>>> Review: The RISER Project reaches high

THE ARCHIVIST by Shaista Latif (Latif/RISER Project). At the Theatre Centre (1115 Queen West). Runs to April 22. $10-$20. See listing. 416-538-0988, theatrecentre.org. Rating: NNN

DEAD ROADS by Clare Preuss, Neema Bickersteth, Darwin Lyons and Zoe Sweet (Dead Roads Collective/RISER Project). At the Theatre Centre (1115 Queen West). Runs to April 24. $10-$20. See listing. 416-538-0988, theatrecentre.org. Rating: NNNN

This years RISER Project, a collaborative producing project developed by Why Not Theatre, begins with a pair of shows by women artists, emotionally rich pieces that look at the need for connection and the hold that memory has on us.

Shaista Latifs solo work, The Archivist, brings the audience into Latifs world. The biographical piece asks us to consider our own memories as she plays out some of hers in the form of stories, sometimes prompted by family photos and a video of her parents wedding in Afghanistan.

She herself, born in Canada and never having been to her familys homeland, feels she has a foot in different worlds, unsure of where home is. The hour-long show is an attempt to publicly reconcile the two with viewers who become witnesses and understanding confederates whose breathing she links to her own.

The idea of her multiple lives becomes deeper when we learn that she lived both with her parents in Toronto and with her grandparents in Weston she wonders out loud where she belongs, even in Canada. And there are other residences, too, including Covenant House, where Latif stays following a disturbing incident and a rejection by her family, an incident that led her to rename and redefine herself.

The Archivist is filled with stories, fragments of Latifs and her parents lives, and she argues convincingly that displacement has been a central part of her life. But this tale continues, she tells us, and connections may yet link together the seemingly disparate elements of her life.

Latifs warmth, honesty and charm, her connection to her viewers, make a strong impression in this partly improvised show, which changes every performance. One of its key design elements is the occasional use of a microphone that amplifies the performer’s words strikingly we see one speaker but hear two overlapping voices, subtly suggesting the division in her soul.

Home is more concrete, at least initially, for the three characters in the collectively written Dead Roads, set in small-town Alberta, a location influenced by the proximity of the tar sands. In a series of interrelated monologues, a haul truck driver who conveys waste material for the oil business (Neema Bickersteth), a butcher (Darwin Lyons) and a bartender (Zoe Sweet) have strange experiences and visions, signs of conscious or unconscious dissatisfactions and rebellions.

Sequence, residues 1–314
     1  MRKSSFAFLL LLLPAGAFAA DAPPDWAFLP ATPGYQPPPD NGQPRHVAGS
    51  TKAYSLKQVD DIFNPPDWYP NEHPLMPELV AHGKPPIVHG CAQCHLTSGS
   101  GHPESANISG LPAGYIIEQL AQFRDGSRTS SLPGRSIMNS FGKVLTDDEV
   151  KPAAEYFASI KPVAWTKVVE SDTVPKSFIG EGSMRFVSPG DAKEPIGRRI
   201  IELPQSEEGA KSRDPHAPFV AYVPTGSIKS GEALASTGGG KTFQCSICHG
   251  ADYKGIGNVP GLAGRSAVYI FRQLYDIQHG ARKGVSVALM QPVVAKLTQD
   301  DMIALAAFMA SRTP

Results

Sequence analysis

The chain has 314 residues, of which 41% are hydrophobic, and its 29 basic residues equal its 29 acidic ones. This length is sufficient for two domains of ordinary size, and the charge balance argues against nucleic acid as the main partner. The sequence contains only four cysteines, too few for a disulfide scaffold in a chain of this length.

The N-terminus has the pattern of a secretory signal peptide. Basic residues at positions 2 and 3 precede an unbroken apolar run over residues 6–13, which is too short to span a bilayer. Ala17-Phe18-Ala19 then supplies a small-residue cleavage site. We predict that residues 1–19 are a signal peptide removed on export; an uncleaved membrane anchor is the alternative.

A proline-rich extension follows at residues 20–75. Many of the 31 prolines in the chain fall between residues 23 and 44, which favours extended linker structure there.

Another sign of their troubles? The choral scream they release.

Bickersteths truck driver has taken over the job from her long-gone husband, while Sweets bartender craves the connection to her male customers and Lyonss butcher is stuck with a huge order of dead pigs that she must somehow sell to customers who dont appreciate the organic meat she brings in.

Their stories intertwine, partly woven together by feminist and environmentalist subtexts. Magic realism is also part of the narratives: a bird oozes oil, a woman sprouts wings, a female spider reveals her surprising strength.

The three performers also take part in each others narratives. Sweet and Bickersteth become the slaughtered pigs in Lyonss palace of pork (this story is often comic), Bickersteth becomes an undesirable mouse in Sweets bar and Lyons transforms into a bird from the bartenders past.

Under director and co-creator Clare Preuss, the actors create their characters through movement as well as text. With the aid of Andre du Toits lighting, Preuss makes good use of various locations in the theatre.

Memory holds a golden past for each woman: the butcher remembers better times in Oregon, the bartender recollects her childhood desire to be one with forest creatures, the truck driver recalls her life with her husband and sings a ringing version of Stand By Your Man.

But try though they might, they cant make connections in the present, either with one another or other people in town. They must each seek it elsewhere, over the mountains and in the direction of the ocean.

With moments of stillness alternating with passionate speeches of desire, these Dead Roads are far from lifeless.

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